So if scientists understand this much and more about reason. emotion, belief, and about how all these work; plus your observations; plus all the observations about the importance of empathy and establishing a rapport in human communication: why do we still batter 
    religious people with boring, irrelevant facts in a rude and disrespectful way and expect a change? And then proceed to become irrationally angry *at them* (which creates a kind of negative saliency around the angry persons words). Secularists and scientists clearly lack the courage of their convictions and continue to do the same thing over and over despite always getting the same result. Why is that? If you prove your null hypothesis wrong you’re supposed to come up with a new one. At least that’s how I learned to do science.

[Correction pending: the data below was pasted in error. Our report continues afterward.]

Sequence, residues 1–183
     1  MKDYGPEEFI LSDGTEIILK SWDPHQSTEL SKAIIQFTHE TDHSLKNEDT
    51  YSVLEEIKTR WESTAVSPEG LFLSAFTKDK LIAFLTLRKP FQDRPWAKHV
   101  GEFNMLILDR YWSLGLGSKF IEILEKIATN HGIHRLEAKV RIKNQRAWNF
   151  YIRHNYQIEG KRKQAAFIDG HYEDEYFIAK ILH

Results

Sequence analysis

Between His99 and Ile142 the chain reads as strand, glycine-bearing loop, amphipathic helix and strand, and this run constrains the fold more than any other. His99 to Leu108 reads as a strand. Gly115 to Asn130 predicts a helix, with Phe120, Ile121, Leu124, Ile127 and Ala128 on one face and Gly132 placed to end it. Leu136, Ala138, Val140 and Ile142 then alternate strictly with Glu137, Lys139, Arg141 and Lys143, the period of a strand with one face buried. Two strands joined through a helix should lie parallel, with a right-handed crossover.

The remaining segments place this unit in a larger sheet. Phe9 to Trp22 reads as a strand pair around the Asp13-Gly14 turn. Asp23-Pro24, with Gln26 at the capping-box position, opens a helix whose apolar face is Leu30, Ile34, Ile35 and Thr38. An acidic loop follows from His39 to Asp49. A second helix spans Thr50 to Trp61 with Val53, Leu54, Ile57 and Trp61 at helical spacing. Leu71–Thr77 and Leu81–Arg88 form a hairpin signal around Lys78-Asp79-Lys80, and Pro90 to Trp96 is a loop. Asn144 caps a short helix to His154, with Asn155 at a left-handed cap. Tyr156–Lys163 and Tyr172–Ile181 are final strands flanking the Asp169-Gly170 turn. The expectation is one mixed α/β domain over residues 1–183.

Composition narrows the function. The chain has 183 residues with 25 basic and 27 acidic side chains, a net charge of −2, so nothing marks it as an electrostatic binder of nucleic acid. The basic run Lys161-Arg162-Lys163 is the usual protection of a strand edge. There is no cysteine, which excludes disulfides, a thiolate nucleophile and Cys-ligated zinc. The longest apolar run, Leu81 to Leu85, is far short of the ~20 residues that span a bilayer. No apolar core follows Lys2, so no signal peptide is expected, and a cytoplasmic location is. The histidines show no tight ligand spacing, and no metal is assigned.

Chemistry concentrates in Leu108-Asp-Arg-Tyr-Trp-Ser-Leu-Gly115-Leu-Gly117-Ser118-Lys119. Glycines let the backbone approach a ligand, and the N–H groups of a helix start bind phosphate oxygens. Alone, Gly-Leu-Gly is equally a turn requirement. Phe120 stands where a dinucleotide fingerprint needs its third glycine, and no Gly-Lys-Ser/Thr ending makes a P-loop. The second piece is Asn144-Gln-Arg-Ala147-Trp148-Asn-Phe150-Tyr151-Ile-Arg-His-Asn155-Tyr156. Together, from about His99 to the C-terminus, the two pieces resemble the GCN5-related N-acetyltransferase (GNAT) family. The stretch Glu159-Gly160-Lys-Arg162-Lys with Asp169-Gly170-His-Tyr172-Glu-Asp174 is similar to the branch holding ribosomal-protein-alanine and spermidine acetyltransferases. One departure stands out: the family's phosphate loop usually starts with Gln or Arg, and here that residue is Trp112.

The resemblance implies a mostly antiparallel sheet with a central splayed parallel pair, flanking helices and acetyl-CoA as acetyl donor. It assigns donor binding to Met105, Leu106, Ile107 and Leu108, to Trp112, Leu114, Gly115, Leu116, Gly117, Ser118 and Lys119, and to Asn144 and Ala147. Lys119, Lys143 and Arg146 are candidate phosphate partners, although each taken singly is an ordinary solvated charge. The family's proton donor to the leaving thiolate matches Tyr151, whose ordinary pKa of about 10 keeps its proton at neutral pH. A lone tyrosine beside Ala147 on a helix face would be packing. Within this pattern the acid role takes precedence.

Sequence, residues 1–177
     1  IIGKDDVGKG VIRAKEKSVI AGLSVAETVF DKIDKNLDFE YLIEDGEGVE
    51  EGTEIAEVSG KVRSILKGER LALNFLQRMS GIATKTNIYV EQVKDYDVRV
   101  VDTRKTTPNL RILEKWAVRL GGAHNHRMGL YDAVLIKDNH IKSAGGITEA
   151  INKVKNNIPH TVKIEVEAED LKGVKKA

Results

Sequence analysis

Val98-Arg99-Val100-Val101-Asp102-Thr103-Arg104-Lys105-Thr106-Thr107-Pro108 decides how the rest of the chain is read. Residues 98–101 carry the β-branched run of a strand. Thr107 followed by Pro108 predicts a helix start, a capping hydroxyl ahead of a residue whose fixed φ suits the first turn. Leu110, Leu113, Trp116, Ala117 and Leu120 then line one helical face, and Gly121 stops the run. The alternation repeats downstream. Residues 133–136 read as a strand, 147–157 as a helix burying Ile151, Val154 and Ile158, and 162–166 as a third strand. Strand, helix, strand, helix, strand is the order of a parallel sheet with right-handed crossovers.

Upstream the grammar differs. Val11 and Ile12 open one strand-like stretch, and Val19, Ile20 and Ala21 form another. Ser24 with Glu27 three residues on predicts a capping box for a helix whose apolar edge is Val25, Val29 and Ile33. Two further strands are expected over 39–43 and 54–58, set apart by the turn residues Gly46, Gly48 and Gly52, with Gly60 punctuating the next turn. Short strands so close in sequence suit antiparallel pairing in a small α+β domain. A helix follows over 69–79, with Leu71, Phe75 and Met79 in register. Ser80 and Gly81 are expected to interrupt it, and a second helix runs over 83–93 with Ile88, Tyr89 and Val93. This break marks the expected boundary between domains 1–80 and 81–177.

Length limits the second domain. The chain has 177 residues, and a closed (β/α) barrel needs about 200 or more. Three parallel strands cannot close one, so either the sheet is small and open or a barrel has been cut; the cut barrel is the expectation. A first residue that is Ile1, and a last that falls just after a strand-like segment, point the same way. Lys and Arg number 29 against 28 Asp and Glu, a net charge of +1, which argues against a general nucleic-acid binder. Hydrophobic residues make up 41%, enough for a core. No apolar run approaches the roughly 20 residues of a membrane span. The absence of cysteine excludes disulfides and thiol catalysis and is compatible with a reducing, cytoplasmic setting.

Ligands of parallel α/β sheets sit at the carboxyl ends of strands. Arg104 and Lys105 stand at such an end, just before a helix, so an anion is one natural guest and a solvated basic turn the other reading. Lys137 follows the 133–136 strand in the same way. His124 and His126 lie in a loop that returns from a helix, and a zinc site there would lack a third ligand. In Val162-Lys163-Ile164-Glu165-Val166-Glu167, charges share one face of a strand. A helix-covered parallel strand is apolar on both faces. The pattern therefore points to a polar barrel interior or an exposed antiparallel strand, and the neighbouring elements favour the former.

My immediate suggestion is to take all the funding that Richard Dawkins gets and give it to Dr Alice Roberts. 

  • Linus Kagali

    “Don’t believe everything you hear about belief” It could be better to say ,”don’t believe anything from anyone who tell others what to believe, listen your inner-self.”

    • Jayarava

      Thank you Brian of Nazareth ;-) “We’re all different…” 

      The trouble is that we aren’t all individuals, we’re all social, hierarchical apes who actually want someone to tell us how to think because we’re confused about what the hell is going on. 

      Furthermore as Philosopher Thomas Metzinger and Neurologist Antonio Damasio have demonstrated, we don’t have an “inner self”. In most cases what passes for our inner self is the bundle of unconscious prejudices and biases we inherited from our parents and peers, loosely held together with a name and address.

  • Pingback: Beyond ‘belief’ : “The tepid confusing middle ground” ? : RSA blogs